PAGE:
I host a competition show on Spike, so I’m aware of the waiting-around game. That’s the part that I have trouble with when it comes to your craft. Because in my craft, as a musician, the stagehands get there, the crew gets there, they set up everything, they do the lights, they do the sound, and everybody waits around for the musicians to get there and do what they do. Whereas in your craft, it seems like the actors get there and then wait around for everybody else to do what they gotta do. That’s the part struggle with, because when I arrive somewhere, I’m ready to go. And if there’s more than 30 minutes that goes by, I lose any steam I had.

SIFF: You have to learn how to recalibrate your energy for something like that. When I do plays, it’s probably more similar to what you do, in that it starts and you’re just shot out of a canon. And your experience is the trajectory of that cannonball: it begins and it ends, and it’s over before you know it, and you’ve lived through something. A day on a film set is maddening.

HYMAN: I have a question for you, Maggie. What I find interesting is that both Mad Men and Sons of Anarchy started off with a cult fanbase and have since both ballooned in popularity…

SIFF: You know, Mad Men, I feel like I’m in such an unusual circumstance because I was hired to do Mad Men out of New York, and I was mainly just doing theater. And that’s what brought me out [to LA]. We shot the first season [in LA]. My arc on the show, I knew it was going to be a season-long arc, and then I accepted the job on Sons of Anarchy after the first season of Mad Men. So the second season of Mad Men sort of happened while I was working on the first season of Sons of Anarchy. And all of a sudden, the critical acclaim just sort of kept growing and growing and growing, and it started to become this sensation. But by the time it did, I was already sort of on the outside looking at it happen. And it was really, really wild and interesting.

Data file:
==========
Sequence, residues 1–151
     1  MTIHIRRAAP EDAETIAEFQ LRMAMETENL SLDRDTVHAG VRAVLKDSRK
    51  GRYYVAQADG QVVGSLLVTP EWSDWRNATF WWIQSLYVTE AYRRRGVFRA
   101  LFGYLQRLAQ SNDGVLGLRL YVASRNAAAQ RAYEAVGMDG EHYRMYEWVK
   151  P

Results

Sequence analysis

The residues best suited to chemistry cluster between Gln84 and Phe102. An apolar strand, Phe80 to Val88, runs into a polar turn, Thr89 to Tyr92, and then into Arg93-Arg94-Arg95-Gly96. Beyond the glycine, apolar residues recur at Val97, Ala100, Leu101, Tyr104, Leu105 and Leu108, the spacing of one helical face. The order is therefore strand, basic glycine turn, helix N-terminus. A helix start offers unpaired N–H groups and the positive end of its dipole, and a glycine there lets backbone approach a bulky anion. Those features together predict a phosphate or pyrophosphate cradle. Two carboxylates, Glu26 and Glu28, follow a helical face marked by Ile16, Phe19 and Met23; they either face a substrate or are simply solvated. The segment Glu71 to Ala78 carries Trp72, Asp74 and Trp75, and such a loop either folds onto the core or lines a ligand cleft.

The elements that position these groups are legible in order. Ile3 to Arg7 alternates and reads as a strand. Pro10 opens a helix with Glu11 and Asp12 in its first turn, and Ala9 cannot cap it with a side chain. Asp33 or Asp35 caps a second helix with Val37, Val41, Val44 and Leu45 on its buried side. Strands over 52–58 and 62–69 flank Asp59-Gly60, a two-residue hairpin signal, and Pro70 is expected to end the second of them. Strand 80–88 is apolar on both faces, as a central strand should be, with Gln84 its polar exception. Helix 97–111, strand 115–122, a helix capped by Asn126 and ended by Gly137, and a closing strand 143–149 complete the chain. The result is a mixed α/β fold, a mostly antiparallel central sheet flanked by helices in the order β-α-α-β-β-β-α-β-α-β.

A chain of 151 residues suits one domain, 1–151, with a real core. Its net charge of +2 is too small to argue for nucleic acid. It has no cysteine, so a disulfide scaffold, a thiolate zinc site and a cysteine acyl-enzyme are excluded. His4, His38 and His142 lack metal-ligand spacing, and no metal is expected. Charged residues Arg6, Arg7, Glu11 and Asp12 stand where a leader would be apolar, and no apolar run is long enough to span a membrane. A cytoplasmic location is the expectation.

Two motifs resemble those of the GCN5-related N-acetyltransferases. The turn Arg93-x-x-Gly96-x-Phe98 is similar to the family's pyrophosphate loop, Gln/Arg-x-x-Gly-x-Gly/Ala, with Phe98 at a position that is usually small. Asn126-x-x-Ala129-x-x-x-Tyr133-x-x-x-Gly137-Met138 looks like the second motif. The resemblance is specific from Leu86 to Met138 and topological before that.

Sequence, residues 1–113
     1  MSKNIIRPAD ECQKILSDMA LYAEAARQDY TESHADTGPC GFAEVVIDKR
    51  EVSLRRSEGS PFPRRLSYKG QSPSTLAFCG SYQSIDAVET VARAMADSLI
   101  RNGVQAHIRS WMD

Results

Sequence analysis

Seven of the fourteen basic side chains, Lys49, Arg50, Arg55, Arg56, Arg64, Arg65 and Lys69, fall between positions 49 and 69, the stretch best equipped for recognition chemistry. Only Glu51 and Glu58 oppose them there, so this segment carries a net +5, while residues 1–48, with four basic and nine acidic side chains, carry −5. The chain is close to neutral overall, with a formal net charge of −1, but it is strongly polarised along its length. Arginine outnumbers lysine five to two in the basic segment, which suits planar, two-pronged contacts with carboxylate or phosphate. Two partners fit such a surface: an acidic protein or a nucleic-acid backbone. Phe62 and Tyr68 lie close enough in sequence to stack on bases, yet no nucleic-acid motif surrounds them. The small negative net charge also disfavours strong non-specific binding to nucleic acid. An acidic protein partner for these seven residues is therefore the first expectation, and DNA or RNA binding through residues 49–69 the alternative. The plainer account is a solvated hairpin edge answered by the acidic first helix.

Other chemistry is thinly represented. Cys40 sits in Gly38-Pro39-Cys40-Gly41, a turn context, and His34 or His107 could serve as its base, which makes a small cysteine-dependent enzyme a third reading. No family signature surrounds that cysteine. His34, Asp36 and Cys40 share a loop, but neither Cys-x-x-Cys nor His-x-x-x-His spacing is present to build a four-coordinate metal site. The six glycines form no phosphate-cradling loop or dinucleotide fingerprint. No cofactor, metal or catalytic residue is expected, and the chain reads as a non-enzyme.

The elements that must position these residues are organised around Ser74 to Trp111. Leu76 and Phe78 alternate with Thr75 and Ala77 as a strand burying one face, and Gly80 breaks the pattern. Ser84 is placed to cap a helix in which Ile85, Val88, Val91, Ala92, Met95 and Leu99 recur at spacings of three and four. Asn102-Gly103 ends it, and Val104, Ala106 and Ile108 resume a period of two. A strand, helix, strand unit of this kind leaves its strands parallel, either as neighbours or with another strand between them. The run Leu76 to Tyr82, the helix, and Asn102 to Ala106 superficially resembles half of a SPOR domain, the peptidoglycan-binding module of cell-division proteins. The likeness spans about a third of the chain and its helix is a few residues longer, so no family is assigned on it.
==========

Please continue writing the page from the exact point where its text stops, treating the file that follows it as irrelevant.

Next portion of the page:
[Sons of Anarchy] was an even slower burn. I just happened to catch a wave of something happening in cable television, these really quality hour-long films being made every week. The amount of quality and attention and the caliber of work happening is so high, and I feel the wider audience started to understand that that’s where the artistry was happening, was on cable television. In the last seven years or so, there’s been this blossoming that I’ve sort of gotten to be in the middle of. I feel very lucky.

With both of them, I remember having conversations with two different network executives: one at AMC, we were shooting the pilot, and he was like, “Well, you know, it’s probably just an art project, but we’re all going to feel really proud of it at the end.” And then an executive at FX was like, “Yeah, this show will have a little cult following. It’ll do all right. It’s really not going to grow, we don’t think.” And then all of a sudden, it started to explode. I don’t think anybody could have predicted what was going to happen with either show.